The great and the good of London’s jewellery trade gathered last month in the Crypt of St Etheldreda’s Church in Ely Place for the launch of a brand-new book on the history of Hatton Garden.

It is very rare for so many people representing every aspect of the industry to be in one place: The Clerk of the Worshipful Company of Goldsmiths, Sir David Reddaway, the Treasurer of the London Diamond Bourse, David Roffe, Alan Hart, CEO of Gem-A, and other prominent representatives from De Beers, Goldsmiths Centre, Society of Jewellery Historians, Institute of Professional Goldsmiths, National Association of Jewellers among others. In all there were over 70 guests.

Moreover, among the distinguished guests was Kurt Eichner, a survivor of the ‘Kinder Transport’ children who escaped Nazi Europe during the war, whose story is told in the book.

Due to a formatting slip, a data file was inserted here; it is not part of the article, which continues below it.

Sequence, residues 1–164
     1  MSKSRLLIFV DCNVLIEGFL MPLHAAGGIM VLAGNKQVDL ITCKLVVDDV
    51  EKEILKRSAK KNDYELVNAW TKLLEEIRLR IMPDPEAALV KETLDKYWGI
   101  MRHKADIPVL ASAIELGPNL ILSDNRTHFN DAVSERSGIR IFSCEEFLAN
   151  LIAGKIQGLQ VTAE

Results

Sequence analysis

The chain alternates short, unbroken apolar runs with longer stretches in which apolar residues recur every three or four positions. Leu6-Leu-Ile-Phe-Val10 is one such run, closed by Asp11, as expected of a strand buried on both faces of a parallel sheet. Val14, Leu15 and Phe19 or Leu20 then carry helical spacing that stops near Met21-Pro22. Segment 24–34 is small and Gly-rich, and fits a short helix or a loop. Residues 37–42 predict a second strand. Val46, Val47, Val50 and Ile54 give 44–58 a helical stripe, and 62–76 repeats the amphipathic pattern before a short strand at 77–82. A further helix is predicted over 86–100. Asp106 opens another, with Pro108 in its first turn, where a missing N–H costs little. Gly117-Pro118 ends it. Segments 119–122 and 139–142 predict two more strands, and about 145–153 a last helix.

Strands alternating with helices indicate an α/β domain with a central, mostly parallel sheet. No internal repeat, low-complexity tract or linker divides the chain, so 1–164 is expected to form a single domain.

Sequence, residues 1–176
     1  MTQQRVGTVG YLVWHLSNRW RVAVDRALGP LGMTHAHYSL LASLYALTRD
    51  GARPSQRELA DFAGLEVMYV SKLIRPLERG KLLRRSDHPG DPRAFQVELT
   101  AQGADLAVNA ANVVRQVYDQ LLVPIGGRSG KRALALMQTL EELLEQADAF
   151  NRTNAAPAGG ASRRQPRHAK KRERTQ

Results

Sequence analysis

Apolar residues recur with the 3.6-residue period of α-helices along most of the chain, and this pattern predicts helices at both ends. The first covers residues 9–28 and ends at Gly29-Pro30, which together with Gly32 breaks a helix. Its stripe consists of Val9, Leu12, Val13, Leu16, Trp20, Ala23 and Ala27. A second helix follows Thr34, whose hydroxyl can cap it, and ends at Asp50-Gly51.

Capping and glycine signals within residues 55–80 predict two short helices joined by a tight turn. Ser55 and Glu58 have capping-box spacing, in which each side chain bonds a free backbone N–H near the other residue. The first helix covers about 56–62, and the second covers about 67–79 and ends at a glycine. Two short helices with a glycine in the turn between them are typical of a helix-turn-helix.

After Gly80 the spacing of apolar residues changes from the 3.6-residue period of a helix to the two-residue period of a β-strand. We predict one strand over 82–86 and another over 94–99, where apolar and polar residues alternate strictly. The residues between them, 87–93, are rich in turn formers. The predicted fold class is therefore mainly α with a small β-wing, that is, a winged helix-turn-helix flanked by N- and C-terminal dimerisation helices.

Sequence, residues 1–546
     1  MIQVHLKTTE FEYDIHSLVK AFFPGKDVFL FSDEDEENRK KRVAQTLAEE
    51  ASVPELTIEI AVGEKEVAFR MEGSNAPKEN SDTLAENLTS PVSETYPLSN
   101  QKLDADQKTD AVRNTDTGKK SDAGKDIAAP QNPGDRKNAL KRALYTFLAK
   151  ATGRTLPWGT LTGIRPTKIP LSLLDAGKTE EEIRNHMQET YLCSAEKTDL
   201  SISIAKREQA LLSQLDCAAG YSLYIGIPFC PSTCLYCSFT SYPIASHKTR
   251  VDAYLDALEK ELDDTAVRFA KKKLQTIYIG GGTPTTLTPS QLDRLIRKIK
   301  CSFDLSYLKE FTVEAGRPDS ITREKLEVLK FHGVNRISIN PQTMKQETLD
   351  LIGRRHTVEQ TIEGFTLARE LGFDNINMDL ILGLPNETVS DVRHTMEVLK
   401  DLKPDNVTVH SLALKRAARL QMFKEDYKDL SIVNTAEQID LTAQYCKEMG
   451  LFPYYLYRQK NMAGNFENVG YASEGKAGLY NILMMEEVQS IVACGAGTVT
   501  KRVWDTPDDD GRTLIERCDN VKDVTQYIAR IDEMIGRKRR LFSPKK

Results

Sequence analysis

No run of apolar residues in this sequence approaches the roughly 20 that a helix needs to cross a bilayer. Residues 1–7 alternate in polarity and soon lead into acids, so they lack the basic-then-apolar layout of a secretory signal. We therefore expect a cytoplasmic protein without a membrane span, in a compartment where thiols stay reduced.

St Etheldreda’s was completed in 1290 and was a very appropriate setting for such an event. It was originally part of the Palace of the Bishops of Ely in whose garden, Hatton Garden was built. In early Elizabethan times Christopher Hatton occupied part of the palace and used the crypt as a tavern. Complaints were received from the worshippers upstairs that the singing from below was louder than theirs.

The book not only covers the history and geography of the area but features many of the stories of those who worked there. One chapter is devoted to extracts from sound recordings made in the 1980’s by Carole Parker while secretary of the IPG.

Vivian Watson says that the work, which was years in production, was never intended to be about profit. It is his legacy to the trade which he has enjoyed for well over 50 years.

A limited-edition collector’s hard back was produced for the occasion and retails at £70. It comes in a slip case and has a silver foil edge with bookmark. PJ Watson Ltd have a few remaining copies. The paperback version is available from the usual sources, including the bookshop of Gem-A.

Many said it was wonderful to re-connect with others in the trade after a very difficult two years.